This September we are featuring six of Winship's women healthcare professionals for Women in Medicine Month. We have asked them to share their perspectives on working at Winship and what their careers have been like as women in medicine.
Keerthi Gogineni, MD, MSHP, is associate professor in the Department of Hematology and Medical Oncology of Emory University School of Medicine; director for education of fellows and residents in the Grady Health System; associate director of the Hematology and Medical Oncology Fellowship Program; and co-vice chair of diversity, equity, and inclusion in the Department of Hematology and Medical Oncology of Emory University School of Medicine.
Do you see Winship as a place where women are supported and can advance in their careers?
Definitely. When I joined Winship in 2015, the section of breast oncology was undergoing a significant amount of change in staffing and leadership. That was a daunting way to begin, but the vacuum also presented opportunities to engage and collaborate. My colleagues were supportive and cognizant of the initial challenges, and I found that my department and division leadership were open and extremely accessible.
What was your "road to promotion" like (hopefully it wasn’t rocky!)?
I will be honest, the road to promotion has been long. The process and metrics differ across institutions and it is complex. After completing fellowship, I began as an instructor at Penn. That role came with pros and cons. It allowed for protected time to secure research funding and publish and take care of patients, without "starting the clock" on promotion. The downside is that the work one is doing is not necessarily going to count towards promotion in a different institution. After arriving at Winship, that clock essentially restarted. The promotion process at Emory has felt much more methodical. The domains in which one is expected to demonstrate excellence are clearly outlined and allow for one to focus while maintaining breadth.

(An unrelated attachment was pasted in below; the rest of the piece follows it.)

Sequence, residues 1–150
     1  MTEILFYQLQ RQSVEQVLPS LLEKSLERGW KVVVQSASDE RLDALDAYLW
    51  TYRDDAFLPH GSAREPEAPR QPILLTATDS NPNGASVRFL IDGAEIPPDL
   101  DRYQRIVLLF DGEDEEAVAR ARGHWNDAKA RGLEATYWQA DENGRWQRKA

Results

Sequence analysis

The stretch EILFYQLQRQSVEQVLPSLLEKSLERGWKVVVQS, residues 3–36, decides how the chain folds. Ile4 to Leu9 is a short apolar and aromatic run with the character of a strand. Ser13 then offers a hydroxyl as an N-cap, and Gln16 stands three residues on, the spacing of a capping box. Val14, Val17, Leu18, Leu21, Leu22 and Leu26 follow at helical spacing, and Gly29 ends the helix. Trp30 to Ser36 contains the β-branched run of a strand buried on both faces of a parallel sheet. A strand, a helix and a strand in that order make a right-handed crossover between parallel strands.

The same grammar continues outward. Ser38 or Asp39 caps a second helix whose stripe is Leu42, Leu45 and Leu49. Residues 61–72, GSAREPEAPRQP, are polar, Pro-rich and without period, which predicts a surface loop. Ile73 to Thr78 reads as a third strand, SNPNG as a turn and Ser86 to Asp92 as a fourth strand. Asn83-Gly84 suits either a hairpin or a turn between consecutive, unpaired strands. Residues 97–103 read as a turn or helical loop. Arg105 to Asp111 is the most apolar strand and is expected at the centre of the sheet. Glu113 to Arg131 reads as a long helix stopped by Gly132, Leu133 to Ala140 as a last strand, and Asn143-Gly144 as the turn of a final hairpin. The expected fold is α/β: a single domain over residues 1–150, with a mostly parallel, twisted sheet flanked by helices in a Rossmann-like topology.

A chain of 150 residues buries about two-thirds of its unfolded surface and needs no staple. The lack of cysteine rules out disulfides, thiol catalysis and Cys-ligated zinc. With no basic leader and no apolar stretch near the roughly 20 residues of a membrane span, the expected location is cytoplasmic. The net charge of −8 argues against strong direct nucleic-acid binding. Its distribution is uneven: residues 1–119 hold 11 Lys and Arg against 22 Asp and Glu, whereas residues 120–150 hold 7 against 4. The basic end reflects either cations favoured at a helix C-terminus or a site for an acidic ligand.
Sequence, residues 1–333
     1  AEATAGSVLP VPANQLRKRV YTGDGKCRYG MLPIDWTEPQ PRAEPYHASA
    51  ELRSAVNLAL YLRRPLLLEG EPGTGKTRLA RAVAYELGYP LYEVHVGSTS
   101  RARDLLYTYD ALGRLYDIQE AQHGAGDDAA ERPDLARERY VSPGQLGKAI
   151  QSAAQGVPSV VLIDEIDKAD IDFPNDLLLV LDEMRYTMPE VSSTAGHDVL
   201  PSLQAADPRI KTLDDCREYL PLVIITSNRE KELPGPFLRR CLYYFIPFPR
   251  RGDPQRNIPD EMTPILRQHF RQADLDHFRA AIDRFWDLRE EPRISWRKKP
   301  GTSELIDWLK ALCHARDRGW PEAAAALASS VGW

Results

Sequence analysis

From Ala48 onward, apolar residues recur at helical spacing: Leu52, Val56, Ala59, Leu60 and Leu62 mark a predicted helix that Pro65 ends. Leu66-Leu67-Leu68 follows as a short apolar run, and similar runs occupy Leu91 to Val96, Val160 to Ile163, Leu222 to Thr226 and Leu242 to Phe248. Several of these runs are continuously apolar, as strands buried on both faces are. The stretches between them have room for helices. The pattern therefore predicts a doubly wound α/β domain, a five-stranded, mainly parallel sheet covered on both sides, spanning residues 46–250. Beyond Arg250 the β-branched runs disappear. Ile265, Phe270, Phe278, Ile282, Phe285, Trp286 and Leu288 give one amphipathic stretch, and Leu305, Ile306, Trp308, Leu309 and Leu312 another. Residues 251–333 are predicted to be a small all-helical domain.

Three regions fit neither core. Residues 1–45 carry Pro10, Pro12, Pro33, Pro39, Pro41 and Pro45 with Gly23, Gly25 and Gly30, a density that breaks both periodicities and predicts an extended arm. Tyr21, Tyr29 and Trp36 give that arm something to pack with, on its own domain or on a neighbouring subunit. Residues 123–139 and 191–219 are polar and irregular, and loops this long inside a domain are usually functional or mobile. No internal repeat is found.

Do you have advice for other women physicians early in their career?
When you are first starting out, it is easy to say "yes" to whatever opportunities come your way. Sometimes that leads to relationships and collaborations that can be fruitful. But you have to be mindful about how each activity or role fits into the bigger puzzle. Does this make sense with the general direction you see yourself moving towards, your research/clinical/teaching interests? You want your CV to tell a story or narrative that makes sense. I’d also tell young women physicians to be active in building relationships and networks that lead to opportunities within (both in the division and school) and beyond the institution. It is key for promotion but perhaps more importantly, helps you meet like-minded mentors and colleagues.
What do you wish you knew when you were starting out that you have learned since then?
Coming out of fellowship, I wish that I'd had a better understanding of academic medicine's promotion process. I also would have told my younger self that identifying mentors and advocates is instrumental at every step of training and in your career.
Dr. Gogineni is committed to caring for patients with breast cancer and conducting research that evaluates and improves access to oncology care for disenfranchised patients. (Photo taken pre-pandemic.)